A container is an isolated unit of software that contains everything required to run a specific application, including code, libraries, dependencies, drivers and settings. Containers have several strengths, they are:
Consistent: Containers guarantee a consistent behavior regardless of where you deploy them. Since they package all the software dependencies necessary to run an application (including specific versions of runtimes and software libraries), containers run and produce the same output in any environment. Therefore, containers are ideal for running the same application in multiple environments. For example, you can use them to test your applications simultaneously, run multiple simulations, or to do reproducible research in different environments.
Portable: You can deploy containers in almost any operating system or platform. Containers can run on Linux®, Windows® and Mac operating systems and you can deploy them in a private data center, a public cloud (such as AWS® or Microsoft® Azure®) or in a local environment. This means that you can easily share a container with your colleagues without worrying about software or platform dependencies.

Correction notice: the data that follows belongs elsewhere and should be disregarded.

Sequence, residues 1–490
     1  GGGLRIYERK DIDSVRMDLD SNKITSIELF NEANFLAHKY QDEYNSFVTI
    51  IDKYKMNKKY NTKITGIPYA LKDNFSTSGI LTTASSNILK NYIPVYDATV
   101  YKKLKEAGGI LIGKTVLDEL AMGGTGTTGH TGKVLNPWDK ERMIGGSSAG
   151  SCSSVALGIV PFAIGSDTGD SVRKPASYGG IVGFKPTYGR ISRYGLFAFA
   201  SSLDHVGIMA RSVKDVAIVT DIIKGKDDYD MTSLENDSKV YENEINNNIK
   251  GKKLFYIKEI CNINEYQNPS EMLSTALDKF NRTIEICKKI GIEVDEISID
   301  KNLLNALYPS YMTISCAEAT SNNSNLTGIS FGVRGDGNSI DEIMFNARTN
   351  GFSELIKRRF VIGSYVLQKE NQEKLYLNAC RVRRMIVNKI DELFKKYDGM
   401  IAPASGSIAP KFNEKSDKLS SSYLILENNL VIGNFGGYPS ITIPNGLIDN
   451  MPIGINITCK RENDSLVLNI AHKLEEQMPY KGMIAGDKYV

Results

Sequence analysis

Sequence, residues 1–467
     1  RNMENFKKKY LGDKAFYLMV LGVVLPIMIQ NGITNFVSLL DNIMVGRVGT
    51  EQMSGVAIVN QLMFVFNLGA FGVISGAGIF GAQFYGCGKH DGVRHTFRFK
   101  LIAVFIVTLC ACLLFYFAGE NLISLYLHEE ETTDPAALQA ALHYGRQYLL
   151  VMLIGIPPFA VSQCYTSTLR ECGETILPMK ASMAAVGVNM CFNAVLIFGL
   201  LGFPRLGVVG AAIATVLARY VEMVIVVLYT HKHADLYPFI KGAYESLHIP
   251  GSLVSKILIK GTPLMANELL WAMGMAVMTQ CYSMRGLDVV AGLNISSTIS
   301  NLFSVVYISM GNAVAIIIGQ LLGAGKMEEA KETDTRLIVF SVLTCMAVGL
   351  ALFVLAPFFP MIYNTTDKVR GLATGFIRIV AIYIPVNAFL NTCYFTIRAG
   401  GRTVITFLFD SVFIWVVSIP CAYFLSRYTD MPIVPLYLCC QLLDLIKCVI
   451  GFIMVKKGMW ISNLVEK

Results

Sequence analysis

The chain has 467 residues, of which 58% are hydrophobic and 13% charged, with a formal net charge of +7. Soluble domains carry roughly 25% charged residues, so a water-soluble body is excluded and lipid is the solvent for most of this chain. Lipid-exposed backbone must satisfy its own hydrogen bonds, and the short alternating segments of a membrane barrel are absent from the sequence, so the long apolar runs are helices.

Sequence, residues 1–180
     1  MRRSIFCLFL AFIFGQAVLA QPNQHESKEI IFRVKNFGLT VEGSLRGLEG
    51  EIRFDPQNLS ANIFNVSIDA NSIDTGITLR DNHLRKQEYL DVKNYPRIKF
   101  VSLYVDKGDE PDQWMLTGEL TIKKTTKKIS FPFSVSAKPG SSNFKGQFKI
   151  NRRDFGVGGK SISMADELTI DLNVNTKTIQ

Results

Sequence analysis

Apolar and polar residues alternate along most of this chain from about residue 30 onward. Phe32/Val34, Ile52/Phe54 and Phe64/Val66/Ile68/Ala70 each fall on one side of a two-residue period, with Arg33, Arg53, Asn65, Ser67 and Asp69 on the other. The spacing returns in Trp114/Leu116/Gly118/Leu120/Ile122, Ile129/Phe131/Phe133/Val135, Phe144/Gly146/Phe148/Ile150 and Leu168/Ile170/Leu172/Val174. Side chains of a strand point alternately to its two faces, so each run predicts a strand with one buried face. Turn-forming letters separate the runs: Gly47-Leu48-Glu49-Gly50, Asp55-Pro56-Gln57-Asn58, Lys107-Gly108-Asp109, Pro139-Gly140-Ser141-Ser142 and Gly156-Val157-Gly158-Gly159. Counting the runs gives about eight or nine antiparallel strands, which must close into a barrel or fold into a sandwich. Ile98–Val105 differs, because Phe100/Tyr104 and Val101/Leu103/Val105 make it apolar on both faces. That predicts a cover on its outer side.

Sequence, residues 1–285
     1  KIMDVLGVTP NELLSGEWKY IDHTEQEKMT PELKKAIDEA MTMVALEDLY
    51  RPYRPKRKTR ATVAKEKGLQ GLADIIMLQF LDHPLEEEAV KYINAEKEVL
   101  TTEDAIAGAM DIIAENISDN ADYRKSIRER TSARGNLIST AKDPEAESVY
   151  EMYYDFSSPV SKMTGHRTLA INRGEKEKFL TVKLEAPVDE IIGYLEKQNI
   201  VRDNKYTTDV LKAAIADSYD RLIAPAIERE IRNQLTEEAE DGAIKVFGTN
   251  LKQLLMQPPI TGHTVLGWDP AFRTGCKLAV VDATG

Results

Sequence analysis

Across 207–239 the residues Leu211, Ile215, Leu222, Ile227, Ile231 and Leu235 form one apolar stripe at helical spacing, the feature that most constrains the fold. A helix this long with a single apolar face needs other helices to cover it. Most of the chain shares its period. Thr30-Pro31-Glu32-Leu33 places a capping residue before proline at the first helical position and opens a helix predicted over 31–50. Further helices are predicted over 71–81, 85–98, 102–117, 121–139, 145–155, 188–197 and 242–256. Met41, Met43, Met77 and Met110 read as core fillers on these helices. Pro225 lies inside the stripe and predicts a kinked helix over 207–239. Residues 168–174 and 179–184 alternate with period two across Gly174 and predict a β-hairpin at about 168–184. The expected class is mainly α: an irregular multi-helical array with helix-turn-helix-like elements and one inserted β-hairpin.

Isolated, lightweight and efficient: Unlike a virtual machine, containers share part of the operating system (the kernel) of the host machine and multiple instances of the same container share common resources. This feature makes them lightweight and efficient, containerized applications can start in seconds. However, containers are isolated from each other and the host operating system. That is, they have read-only access to shared resources and can only change files inside the container itself. To extend functionality, you can mount additional files, folders, and devices into containers.
Virtualized: Containers virtualize the operating system including CPU, GPUs, memory and file system. Therefore, a containerized application thinks that it has access to a regular operating system. This means that you can use the same logic to program a containerized application that you would use for a regular application.
To get started with containers, you can start a container that includes MATLAB® and all the software dependencies necessary to run it. For more information, see MATLAB Container on Docker Hub.